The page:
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Consumer & Family Information: Schizophrenia
Psychiatric Services 2001; doi: 10.1176/appi.ps.52.7.879
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Schizophrenia is a persistent and serious mental disorder characterized by dramatic changes in behavior and thinking that may include delusions and hallucinations. People with schizophrenia often have psychotic symptoms, which means they are unable to distinguish what is real from their unreal thoughts and perceptions.

Sometimes, people with schizophrenia will have periods of time when the illness is worse and when the hallucinations and strange behavior are most obvious. At other times, they will have few noticeable symptoms. As the disease progresses over a long period of time, however, the personality and behavior of someone with schizophrenia may seem very different from what these were like before the illness began.

Because of these changes, many people misunderstand schizophrenia. It is not "multiple personality disorder" or "mental retardation." Instead, schizophrenia is a severe mental illness that changes the way the brain functions.

The signs and symptoms of schizophrenia include:

• Delusions (false or unreal beliefs)

• Hallucinations (hearing, seeing, smelling, tasting or feeling something that is not really there)

• Disorganized speech and/or speaking less

• Bizarre behavior

• Blunted or dulled emotions

• Withdrawing emotionally from people

• A loss of interest in school or work

• Difficulty paying attention

• Lack of energy and motivation

• Thoughts of death or suicide, or suicide attempts

• Outbursts of anger

• Poor hygiene and grooming

Not all of these symptoms are present at the same time. For example, someone with schizophrenia may seem quiet and withdrawn for a period of time and then agitated or highly emotional. The symptoms, severity, and course of schizophrenia can vary from person to person.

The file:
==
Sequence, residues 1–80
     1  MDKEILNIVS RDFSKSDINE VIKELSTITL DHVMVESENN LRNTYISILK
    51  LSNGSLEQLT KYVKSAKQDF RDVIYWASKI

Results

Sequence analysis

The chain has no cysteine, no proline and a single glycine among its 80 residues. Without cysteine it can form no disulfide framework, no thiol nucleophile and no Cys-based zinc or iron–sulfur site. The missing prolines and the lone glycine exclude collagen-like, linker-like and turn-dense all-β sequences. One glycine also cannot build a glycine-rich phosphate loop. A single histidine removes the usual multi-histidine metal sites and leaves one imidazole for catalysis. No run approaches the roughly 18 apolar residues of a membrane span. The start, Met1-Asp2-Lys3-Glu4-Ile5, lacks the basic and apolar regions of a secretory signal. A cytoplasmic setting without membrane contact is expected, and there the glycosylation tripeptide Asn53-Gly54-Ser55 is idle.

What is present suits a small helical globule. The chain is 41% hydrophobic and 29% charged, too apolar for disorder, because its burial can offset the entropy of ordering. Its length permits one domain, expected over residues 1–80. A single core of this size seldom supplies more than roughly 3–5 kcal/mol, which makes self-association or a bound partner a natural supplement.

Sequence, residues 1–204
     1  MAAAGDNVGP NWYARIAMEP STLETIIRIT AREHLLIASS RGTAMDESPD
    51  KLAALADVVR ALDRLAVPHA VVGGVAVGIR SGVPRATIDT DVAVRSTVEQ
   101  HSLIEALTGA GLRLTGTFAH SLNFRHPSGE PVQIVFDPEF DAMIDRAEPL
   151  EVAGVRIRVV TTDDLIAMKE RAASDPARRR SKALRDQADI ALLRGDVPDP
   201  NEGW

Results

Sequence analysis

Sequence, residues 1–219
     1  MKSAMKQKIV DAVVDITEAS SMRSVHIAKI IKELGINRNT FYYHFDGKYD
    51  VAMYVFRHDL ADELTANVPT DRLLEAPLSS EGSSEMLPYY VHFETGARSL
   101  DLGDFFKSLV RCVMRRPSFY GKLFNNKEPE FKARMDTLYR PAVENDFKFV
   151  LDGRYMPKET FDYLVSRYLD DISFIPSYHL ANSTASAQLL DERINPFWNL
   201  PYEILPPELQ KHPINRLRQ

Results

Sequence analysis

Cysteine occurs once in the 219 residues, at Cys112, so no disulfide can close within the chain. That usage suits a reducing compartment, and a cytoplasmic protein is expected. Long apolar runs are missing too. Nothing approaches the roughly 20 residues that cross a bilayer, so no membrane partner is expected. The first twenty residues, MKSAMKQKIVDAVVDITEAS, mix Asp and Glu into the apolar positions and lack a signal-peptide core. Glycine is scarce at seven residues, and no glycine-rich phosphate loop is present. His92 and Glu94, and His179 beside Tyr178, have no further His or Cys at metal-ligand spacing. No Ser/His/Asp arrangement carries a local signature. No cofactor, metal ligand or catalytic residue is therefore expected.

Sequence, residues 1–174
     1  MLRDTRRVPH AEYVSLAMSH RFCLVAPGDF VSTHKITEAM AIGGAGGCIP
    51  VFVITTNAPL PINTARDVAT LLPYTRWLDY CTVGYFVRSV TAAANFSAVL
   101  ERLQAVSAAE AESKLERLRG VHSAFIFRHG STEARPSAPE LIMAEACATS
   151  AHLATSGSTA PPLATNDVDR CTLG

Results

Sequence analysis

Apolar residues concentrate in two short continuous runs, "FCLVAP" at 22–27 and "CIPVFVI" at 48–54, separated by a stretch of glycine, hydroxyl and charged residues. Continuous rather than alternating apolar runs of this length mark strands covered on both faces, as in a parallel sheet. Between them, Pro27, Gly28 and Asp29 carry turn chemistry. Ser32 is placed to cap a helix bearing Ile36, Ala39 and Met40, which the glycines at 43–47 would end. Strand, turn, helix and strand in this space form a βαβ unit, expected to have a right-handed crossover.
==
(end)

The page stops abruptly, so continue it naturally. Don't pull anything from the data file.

Schizophrenia is a serious and persistent mental illness. Without treatment, people with schizophrenia may have great trouble functioning and they may consider or attempt suicide. However, schizophrenia can be treated with medication, psychotherapy, and rehabilitation. Treatment always should include seeing a psychiatrist.

Some medications, called antipsychotic medications, help control many of the symptoms of schizophrenia, including the problems in thinking. It is very important for people with schizophrenia to follow their treatment plans and for their families to encourage them to do so.

Psychotherapy is a series of private talks with a psychiatrist in which a person discusses the feelings, thoughts, and behavior that cause difficulty. A psychiatrist also can recognize other mental and medical problems. The goal of psychotherapy is to help people understand and master their problems so they can function better. During psychotherapy, the psychiatrist also can help the person with schizophrenia reduce the stressful situations that can make the illness worse. Families of people with schizophrenia also can benefit from educational and supportive counseling sessions.

Rehabilitation, or skill building, is often provided through support groups or day programs. The goal of rehabilitation is to help people with schizophrenia improve skills that may have suffered since the illness, such as personal care, relationships with other people, and work skills and habits.

Some people with schizophrenia cannot live on their own. For these people, group or cooperative housing and good medical and psychiatric care can help them lead satisfying and more productive lives.

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